Tracy Morgan has beat the odds.
The 46-year-old comedian is set to host Saturday Night Live on Oct. 17 -- the show that made him a star -- which is remarkable given the June 2014 fatal car accident that left him in a coma. Morgan suffered a traumatic brain injury as part of his injuries, which his lawyer has previously said he didn't know if Morgan could ever fully recover from.
Now, Morgan's brain doctor -- who's been seeing him once a month for the past year -- is calling his incredible progress nothing short of a miracle.
"When I started treating Tracy in June 2014, if someone had told me that he'd be on SNL in October of 2015 I would've had to look at that with great doubt," Dr. Brian Greenwald tells the Daily Beast. "Unfortunately, so many people don't recover as well as he does."
"He's really nothing short of a miracle in general," he added.
However, he remains cautious.
"To say whether or not he is ready for it [hosting SNL] is a challenge to figure out, but it's incredible to see that he's gotten so far already and that he's even thinking of doing it so quickly," Greenwald says. "There's obviously some risk when you're taking on something so intense like this. I think based on where he is in his recovery, though, it's certainly not unreasonable to try."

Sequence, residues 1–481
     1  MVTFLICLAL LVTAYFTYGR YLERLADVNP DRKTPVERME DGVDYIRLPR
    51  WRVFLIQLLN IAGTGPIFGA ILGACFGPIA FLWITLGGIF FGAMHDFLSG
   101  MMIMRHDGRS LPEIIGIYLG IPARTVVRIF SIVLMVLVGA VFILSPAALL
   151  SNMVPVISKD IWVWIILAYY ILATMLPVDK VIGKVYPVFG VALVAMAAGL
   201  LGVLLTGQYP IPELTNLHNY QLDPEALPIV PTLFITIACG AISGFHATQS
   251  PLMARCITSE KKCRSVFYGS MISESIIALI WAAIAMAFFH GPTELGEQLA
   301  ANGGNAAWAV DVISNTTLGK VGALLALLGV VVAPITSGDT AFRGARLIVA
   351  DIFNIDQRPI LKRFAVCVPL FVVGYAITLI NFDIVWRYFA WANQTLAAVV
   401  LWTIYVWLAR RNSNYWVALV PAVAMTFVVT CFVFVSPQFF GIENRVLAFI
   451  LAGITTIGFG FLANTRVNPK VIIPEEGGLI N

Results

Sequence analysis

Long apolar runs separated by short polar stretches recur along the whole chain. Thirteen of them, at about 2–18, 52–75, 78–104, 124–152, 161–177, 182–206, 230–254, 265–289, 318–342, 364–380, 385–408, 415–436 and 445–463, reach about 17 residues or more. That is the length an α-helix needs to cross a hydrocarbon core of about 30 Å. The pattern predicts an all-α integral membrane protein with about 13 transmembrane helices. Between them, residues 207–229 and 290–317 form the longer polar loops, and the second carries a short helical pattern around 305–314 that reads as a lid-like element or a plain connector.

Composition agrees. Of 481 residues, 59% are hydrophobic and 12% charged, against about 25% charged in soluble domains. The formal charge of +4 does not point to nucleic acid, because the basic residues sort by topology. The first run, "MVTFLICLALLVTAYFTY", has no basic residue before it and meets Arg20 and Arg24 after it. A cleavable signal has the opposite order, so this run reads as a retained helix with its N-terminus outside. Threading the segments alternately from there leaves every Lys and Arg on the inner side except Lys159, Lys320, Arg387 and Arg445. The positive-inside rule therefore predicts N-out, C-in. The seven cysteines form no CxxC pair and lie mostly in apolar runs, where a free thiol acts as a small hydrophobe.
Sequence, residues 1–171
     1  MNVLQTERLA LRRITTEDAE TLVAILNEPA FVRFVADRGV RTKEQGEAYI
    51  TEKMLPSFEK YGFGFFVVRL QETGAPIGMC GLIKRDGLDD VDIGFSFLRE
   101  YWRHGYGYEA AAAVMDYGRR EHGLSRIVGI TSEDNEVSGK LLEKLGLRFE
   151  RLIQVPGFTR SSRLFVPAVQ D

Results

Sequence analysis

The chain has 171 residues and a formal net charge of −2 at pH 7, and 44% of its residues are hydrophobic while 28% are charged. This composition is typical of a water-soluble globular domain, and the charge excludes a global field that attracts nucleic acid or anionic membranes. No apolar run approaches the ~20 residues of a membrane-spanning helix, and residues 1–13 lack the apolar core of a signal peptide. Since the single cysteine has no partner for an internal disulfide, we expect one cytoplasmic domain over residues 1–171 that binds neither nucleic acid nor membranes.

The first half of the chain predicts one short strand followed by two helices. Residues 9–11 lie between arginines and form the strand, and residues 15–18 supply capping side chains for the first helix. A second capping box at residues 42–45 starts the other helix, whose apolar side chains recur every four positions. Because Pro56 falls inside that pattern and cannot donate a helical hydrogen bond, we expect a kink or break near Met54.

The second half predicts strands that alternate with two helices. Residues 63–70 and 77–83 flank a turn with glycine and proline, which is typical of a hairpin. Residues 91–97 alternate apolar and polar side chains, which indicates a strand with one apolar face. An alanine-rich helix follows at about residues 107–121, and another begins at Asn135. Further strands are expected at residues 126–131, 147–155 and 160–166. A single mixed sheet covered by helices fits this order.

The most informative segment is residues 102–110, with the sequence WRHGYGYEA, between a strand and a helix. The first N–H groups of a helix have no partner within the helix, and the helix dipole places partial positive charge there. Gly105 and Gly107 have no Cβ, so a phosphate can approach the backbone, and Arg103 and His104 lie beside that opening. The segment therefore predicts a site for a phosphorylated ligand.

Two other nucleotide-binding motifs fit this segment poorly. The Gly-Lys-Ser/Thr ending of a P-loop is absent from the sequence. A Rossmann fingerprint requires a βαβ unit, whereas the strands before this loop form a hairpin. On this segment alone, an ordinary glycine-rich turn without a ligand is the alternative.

Morgan has obviously come a long way in just a year.
"He had memory issues. He was agitated at times. He couldn't do anything," his doctor recalls. "He couldn't stand by himself. He couldn’t do all the basic tasks by himself. Now Tracy is driving. Tracy is living with his family and doing things on his own."
Last month, Morgan was spotted behind the wheel again, driving a Lamborghini and throwing up a peace sign.
In June, ET caught up with Jackie Chirichella, a nurse at JFK Johnson Rehabilitation Institute, whom Morgan personally thanked profusely on Today, his first interview since the crash. "When I first came out of the coma I was a mess," Morgan told Matt Lauer. "I would curse her out every day. I would throw things at her, and the only thing she would say is, 'Everything is going to be alright.'"
"I never took it personally," Chirichella told ET. "We never take anything our patients say or do personally, because as they're emerging from their injury sometimes that happens. We stay calm. We stay focused. It's not unusual."
Aside from his brain injury, Morgan also suffered a broken leg, nose and ribs in the accident, in which a Wal-Mart truck collided with his tour bus on the New Jersey Turnpike. In May, Walmart settled a lawsuit filed by the comedian. The amount of the settlement is undisclosed.
Watch our interview with Morgan's real-life Nurse Jackie in the video below.